Obese people who take Ozimbic or Wiggovi to lose extra pounds may get an unexpected benefit.
Results of a small trial published May 9 in the journal Nature obesity suggest that medications containing semaglutide, the active ingredient in Ozempic and Wegovy, may help reduce the risk of cancer. That’s because the study found that semaglutide restored the function of so-called “natural killer” cells, which play a role in fighting cancer but often don’t work properly in people with obesity.
“People who are obese can develop a variety of health problems, such as type 2 diabetes, obstructive sleep apnea,” lead study author Conor de Barra, a PhD candidate and researcher in immunology at the University of Maynooth in Ireland, said in a statement. Sleep, and cancer. “These can have very negative effects on their quality of life.”
Are there additional benefits to taking Ozempic?
For the study, the researchers examined data on 20 obese people who had impaired natural killer cell function. The scientists gave all the participants weekly doses of semaglutide, which belongs to a class of drugs known as glucagon-like peptide-1 (GLP-1) analogues that were originally developed to treat diabetes, but have gained popularity as a treatment for weight loss.
After six months of treatment, the participants had a significant improvement in natural killer cell function. The amount of improvement did not seem to be affected by the amount of weight people lost.
This suggests that semaglutide and other GLP-1 drugs may have “potential benefits in addition to weight loss,” de Parra said.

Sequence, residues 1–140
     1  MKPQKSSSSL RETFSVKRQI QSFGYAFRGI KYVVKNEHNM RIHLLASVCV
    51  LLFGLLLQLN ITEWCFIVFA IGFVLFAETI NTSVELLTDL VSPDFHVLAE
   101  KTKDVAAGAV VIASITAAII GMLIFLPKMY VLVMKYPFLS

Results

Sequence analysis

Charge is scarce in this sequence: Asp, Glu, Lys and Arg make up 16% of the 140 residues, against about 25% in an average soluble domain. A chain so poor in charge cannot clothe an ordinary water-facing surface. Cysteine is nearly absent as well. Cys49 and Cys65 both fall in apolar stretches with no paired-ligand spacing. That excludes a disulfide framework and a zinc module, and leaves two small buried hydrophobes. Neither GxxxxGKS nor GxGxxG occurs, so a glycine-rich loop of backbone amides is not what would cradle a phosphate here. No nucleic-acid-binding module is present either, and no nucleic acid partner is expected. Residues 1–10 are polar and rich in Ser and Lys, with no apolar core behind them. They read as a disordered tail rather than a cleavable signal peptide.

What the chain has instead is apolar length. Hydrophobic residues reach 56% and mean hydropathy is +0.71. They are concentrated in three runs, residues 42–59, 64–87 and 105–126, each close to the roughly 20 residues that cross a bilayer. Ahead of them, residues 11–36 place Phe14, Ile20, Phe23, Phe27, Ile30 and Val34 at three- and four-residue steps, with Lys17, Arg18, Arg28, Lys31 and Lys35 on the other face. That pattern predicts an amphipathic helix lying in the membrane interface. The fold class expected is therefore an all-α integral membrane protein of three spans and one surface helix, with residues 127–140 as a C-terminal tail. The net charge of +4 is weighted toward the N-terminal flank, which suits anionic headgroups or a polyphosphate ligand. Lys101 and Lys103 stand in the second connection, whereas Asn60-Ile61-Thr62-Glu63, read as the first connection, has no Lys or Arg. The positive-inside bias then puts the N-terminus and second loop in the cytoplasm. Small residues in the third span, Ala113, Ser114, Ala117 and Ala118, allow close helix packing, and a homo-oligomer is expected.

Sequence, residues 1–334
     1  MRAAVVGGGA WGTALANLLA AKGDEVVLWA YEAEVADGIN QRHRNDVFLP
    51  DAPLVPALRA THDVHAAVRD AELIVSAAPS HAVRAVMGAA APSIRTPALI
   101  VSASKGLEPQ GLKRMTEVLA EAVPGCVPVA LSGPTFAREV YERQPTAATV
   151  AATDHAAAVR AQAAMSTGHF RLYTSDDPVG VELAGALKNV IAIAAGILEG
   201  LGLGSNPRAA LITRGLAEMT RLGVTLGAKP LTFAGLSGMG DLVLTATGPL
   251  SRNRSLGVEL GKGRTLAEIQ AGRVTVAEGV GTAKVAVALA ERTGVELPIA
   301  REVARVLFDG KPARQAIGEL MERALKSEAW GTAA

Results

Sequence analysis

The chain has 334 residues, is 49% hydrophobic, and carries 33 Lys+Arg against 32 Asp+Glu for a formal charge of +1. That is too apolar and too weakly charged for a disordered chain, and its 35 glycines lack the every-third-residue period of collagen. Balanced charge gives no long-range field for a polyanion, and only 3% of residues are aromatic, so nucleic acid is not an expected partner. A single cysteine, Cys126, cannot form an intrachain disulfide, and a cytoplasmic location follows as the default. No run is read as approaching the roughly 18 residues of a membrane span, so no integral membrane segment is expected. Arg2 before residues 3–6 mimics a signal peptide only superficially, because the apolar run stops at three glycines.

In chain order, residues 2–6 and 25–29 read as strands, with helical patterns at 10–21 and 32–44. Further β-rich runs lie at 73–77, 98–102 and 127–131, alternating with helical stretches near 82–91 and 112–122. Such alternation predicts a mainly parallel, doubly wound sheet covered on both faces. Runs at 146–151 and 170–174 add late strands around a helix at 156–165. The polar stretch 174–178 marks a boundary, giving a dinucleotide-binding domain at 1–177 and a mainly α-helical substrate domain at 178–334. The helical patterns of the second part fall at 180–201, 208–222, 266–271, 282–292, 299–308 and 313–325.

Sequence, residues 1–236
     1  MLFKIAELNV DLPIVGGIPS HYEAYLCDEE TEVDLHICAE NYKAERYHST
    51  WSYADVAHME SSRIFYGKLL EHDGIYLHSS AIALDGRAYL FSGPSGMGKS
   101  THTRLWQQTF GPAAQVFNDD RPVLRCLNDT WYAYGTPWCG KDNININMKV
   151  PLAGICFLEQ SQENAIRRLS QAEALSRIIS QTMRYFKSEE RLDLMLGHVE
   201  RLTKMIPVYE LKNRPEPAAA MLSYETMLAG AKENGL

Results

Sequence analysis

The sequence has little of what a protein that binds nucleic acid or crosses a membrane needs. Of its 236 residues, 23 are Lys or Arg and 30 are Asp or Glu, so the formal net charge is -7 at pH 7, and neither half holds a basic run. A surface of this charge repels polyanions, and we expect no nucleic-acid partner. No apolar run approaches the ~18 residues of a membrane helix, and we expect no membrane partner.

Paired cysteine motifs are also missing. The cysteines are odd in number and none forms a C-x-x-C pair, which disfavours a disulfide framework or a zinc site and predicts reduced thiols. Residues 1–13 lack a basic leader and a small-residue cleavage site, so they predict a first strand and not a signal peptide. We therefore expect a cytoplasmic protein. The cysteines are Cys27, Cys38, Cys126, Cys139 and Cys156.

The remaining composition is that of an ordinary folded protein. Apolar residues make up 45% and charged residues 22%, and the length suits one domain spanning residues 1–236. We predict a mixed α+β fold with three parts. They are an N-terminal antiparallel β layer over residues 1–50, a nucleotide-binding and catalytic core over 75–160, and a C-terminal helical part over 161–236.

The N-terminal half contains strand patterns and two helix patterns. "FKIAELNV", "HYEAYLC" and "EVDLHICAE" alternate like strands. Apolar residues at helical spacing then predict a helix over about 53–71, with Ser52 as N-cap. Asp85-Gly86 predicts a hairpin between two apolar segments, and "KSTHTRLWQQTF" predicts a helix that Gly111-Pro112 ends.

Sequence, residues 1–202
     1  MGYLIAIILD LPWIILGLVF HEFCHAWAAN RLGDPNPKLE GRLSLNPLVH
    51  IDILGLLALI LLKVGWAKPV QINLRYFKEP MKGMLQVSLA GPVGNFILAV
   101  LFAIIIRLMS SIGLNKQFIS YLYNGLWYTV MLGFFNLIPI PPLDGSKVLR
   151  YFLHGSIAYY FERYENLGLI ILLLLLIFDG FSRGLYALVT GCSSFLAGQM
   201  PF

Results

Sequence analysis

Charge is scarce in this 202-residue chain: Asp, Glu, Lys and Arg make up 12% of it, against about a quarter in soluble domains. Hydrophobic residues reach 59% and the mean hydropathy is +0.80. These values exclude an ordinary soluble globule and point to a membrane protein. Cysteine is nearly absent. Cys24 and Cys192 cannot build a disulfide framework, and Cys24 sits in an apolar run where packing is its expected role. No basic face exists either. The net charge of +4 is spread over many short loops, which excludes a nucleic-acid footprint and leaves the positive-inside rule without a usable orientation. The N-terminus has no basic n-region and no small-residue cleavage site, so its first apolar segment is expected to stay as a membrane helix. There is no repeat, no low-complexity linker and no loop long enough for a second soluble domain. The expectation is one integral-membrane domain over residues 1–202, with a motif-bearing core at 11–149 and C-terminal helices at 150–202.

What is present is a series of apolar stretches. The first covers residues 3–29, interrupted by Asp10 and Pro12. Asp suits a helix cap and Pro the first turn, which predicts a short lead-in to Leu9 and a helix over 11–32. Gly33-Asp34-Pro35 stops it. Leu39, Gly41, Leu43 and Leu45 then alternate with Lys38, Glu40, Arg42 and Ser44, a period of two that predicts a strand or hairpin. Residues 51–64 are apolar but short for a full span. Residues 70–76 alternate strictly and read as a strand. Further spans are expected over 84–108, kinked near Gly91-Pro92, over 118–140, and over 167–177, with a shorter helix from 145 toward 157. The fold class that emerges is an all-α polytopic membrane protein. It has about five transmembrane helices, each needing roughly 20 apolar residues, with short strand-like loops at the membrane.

Some previous research has explored the relationship between GLP-1 medications and cancer risk, with mixed results. One 2019 meta-analysis of 37 clinical trials was published in the journal Endocrine In November 2019, albiglutide, a no longer available GLP-1 drug, was found to reduce the risk of cancer by 24 percent in people with type 2 diabetes.
However, other research has linked GLP-1 drugs to an increased risk of thyroid cancer, pancreatic cancer, and breast cancer.
Semaglutide may reduce inflammation regardless of weight loss
The latest study is too small and brief to draw general conclusions about how semaglutide or other GLP-1 drugs affect cancer risk over time, especially for many common cancers that take years to develop. And although GLP-1 drugs are often used to treat type 2 diabetes, the current study only focused on individuals who were taking semaglutide to treat obesity, a more recent use of this drug.
Still, the findings are plausible, given how obesity affects natural killer cells, says Luiz Vicente Rizzo, MD, PhD, director of research at the Albert Einstein-Jewish Institute for Education and Research in Sao Paulo, Brazil.
That’s because excess fat tissue can trigger inflammation, which triggers a process that signals natural killer cells to gravitate toward that tissue, says Dr. Rizzo, who studied these cells but was not involved in the new research. These cells are then essentially trapped in adipose tissue, which reduces their ability to fight off cellular activity that leads to cancer.
A study was published in the August 2022 issue of Pharmaceutical research It has been suggested that semaglutide may have anti-inflammatory properties, says Rizzo. When people take this drug, Rizzo says, “the trapped natural killer cells are released while the inflammation associated with the fat tissue subsides,” allowing them to work again. Even without significant weight loss.